A little over a week ago, Michigan Gov. Rick Snyder released hundreds of pages of e-mails related to Flint from 2014 and 2015. One of the attachments, an assessment of Flint’s water system by a private water corporation, is very significant.
In February 2015, almost a full year before the news of widespread lead poisoning in Flint, Michigan, gained headlines, the world’s largest private water corporation, Veolia, deemed Flint’s water safe. They were hired by the city to assess the discolored water that many residents had been complaining about—a General Motors plant had even stopped using Flint’s water because it was rusting car parts.
But while Veolia, a French transnational corporation, deemed Flint’s water to be “in compliance with State and Federal regulations,” they concluded that “aging cast-iron pipe” was creating “aesthetic issues including taste, odor, and discoloration.”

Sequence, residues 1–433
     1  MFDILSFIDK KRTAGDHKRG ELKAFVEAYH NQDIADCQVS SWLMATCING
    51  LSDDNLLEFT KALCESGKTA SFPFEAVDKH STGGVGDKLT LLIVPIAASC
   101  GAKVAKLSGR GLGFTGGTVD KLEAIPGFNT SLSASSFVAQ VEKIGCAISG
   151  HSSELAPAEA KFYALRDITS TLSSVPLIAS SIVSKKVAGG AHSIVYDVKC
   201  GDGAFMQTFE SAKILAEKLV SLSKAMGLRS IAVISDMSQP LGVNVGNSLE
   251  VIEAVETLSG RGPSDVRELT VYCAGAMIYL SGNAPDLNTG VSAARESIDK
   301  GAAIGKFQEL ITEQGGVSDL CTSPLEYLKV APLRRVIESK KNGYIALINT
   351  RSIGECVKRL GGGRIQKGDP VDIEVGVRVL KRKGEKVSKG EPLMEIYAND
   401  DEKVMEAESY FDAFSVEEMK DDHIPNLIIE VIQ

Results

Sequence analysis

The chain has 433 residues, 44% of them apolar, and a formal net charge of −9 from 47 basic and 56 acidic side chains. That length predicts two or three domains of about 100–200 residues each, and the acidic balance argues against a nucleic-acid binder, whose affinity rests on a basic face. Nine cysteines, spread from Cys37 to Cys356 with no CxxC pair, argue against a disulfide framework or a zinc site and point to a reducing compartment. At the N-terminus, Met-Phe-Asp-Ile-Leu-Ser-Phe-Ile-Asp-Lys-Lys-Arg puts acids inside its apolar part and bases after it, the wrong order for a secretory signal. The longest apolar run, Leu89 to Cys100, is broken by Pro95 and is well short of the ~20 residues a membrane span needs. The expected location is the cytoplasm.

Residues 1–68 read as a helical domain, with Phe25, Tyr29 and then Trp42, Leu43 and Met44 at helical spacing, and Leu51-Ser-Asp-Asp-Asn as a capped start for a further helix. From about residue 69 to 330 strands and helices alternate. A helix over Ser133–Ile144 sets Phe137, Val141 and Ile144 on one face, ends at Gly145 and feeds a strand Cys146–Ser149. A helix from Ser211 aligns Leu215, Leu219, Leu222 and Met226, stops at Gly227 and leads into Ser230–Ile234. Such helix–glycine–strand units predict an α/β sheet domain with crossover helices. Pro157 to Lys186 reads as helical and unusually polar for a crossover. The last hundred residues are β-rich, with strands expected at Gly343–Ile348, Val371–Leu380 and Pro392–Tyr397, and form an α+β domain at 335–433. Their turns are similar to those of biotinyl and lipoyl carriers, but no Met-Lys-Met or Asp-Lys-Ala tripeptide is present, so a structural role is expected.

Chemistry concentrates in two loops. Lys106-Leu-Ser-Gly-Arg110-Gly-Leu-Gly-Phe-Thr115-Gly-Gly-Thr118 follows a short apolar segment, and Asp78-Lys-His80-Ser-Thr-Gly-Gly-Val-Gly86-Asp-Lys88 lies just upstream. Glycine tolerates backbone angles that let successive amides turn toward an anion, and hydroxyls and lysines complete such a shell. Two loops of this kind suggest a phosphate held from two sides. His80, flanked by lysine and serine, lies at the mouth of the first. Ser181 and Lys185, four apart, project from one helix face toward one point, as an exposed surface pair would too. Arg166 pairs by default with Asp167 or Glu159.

Their report didn’t mention lead, but they recommended spending $50,000 to add corrosion control chemicals to Flint’s drinking water because iron was leaching from the city’s pipes.
The city didn’t heed Veolia’s advice, but regardless, someone should have known that lead was likely leaching into Flint’s water as well.
According to Joan Rose, former chairwoman of the U.S. Environmental Protection Agency’s drinking water committee, “If you’ve got iron sloughing off (the pipes), you’ve got other metals sloughing off, including lead.”